• McAdoo’s imprint — decisive leadership combined with a roadmap for crisis control — turned a potential financial disaster into a monetary triumph.

From Chapter Four

  • Nothing darkens a crisis like the disappearance of a market. Routine transactions that barely merit a second thought become impossible and business relationships, normally taken for granted, disappear. The double-barreled closures on July 31, 1914 [of the New York Stock Exchange and the foreign exchange market] disrupted the financial linkages that greased the wheels of American commerce.
  • In August 1914 American bankers met the crisis like generals backed with heavy artillery… The demand for cash did not simply melt away under banker swagger in 1914. The financiers appeased the public by dispensing emergency currency like a tranquilizer.

From Chapter Five

  • Relief from potential embarrassment remained far off. The potential gold drain that assaulted American credibility [in August 1914] was about to intensify. The ban on stock trading had suddenly sprung a leak. McAdoo needed help to preserve American honor.

From Chapter Six

  • McAdoo brandished the New York Stock Exchange like a sledgehammer against the gold drain. He denied everyone a liquid market – Americans as well as Europeans. Not everyone took it lying down.

From Chapter Seven

  • In August 1914, less than eighteen months into his tenure as head of J.P. Morgan and Company, Morgan Jr. found his country on the verge of its second panic in seven years. Unlike his father, he succeeded in helping America avoid financial collapse.
  • McAdoo’s assistance to New York City in 1914 marks the birth of the “Too Big to Fail” doctrine in American finance. The federal loan guarantees during the 1970s to the Lockheed Corporation, a giant defense contractor, to the Chrysler Corporation, at the time an American car manufacturer, and the bailout of Continental Illinois bank, the seventh largest bank in the United States in 1984, continued a tradition that began with McAdoo’s decision to rescue New York City in 1914.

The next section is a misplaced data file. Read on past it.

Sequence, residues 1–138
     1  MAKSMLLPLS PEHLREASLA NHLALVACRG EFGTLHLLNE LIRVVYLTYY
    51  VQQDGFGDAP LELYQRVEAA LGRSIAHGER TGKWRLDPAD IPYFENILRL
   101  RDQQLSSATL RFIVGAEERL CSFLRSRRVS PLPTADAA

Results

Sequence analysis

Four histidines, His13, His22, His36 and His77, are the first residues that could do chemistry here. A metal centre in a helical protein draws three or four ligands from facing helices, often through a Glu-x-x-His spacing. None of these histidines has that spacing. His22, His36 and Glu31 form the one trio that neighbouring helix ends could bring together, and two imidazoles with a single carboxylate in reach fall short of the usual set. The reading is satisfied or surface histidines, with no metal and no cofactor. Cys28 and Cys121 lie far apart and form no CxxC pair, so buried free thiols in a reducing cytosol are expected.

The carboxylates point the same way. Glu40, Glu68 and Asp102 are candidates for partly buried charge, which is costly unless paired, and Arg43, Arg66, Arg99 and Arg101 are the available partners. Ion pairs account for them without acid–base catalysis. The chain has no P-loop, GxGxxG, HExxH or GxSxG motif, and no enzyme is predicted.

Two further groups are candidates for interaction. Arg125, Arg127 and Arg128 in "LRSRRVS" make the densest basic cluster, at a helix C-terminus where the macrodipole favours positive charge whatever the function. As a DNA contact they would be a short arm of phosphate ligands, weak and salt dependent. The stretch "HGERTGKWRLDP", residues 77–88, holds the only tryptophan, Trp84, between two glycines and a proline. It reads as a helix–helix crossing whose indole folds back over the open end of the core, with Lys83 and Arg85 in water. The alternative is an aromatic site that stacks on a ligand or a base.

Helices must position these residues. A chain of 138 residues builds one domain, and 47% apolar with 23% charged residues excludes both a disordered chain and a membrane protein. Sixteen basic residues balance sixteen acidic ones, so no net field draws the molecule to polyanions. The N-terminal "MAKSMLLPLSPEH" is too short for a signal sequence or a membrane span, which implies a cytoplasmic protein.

From Chapter Eight:

  • William Gibbs McAdoo could not ignore both Benjamin Strong and Paul Warburg. The unlikely duo — Warburg, a German-Jewish immigrant with a central banking mission, and Strong, of Puritan stock with a patrician’s sense of obligation — formed a powerful counterweight to McAdoo. Warburg knew more about central banking than anyone in the System, but operated within McAdoo’s sphere of influence. Strong’s position as Governor of the New York Reserve Bank gave him a measure of independence, like the viceroy of some distant province.

From Chapter Nine

  • William G. McAdoo changed everything. At the outbreak of the Great War he honored America’s commitment to gold, just like Britain, and turned the United States into a contender for the international financial crown.
  • A suspension of convertibility in 1914, the second American panic in seven years, could have been a decisive setback, like the one-two punch that halts a challenger for the Heavyweight Crown. Britain could have easily remained the undisputed, if somewhat battered, Champion of International Finance until the Second World War. It almost happened.
  • If Wilson had allowed [William Jennings] Bryan’s view to prevail, the United States would have joined the entire world — save for Britain — in rejecting gold. After the war everyone would have forgiven America but they might not have trusted her — like they trusted Britain — to behave like a monetary superpower.

From the Epilogue

  • Alan Greenspan was one of fifteen students in my Advanced Theory of Money and Income class in 1966. I had just arrived at NYU as a twenty-three year old Assistant Professor. Greenspan was already a well-known forecaster with his own consulting firm, Townsend-Greenspan & Company. I don’t remember much about what I taught, but the future Federal Reserve Chairman got an A.
  • Arthur Burns, Chairman of the Federal Reserve Board from February 1, 1970 until January 31, 1978, knew far more economics than either Paul Volcker or Alan Greenspan… [But] he failed to translate his expertise into action…An important distinction between a Great Thinker and a Great Leader is that a leader knows when to get the job done…and does it.
  • William G. McAdoo had no formal economics education. He was a lawyer by training and an entrepreneur by vocation. By virtue of his position as Treasury Secretary he became the first Chairman of the Federal Reserve Board. None of the central bank’s crisis management tools were in place when the European conflict threatened American finance in August 1914. McAdoo triumphed, in part, precisely because he did not have an operational central bank. The absence forced McAdoo to improvise, allowing his practical bent to flourish.
  • McAdoo’s victory in 1914 serves as a blueprint for crisis management. He would probably insist on including instructions that come with a tourniquet: Apply the restraint quickly to stop the hemorrhaging, repair the wound, and then restore normal functions. Hesitation at any stage can prove fatal.



TrackBack URI

Entries and comments feeds.

%d bloggers like this: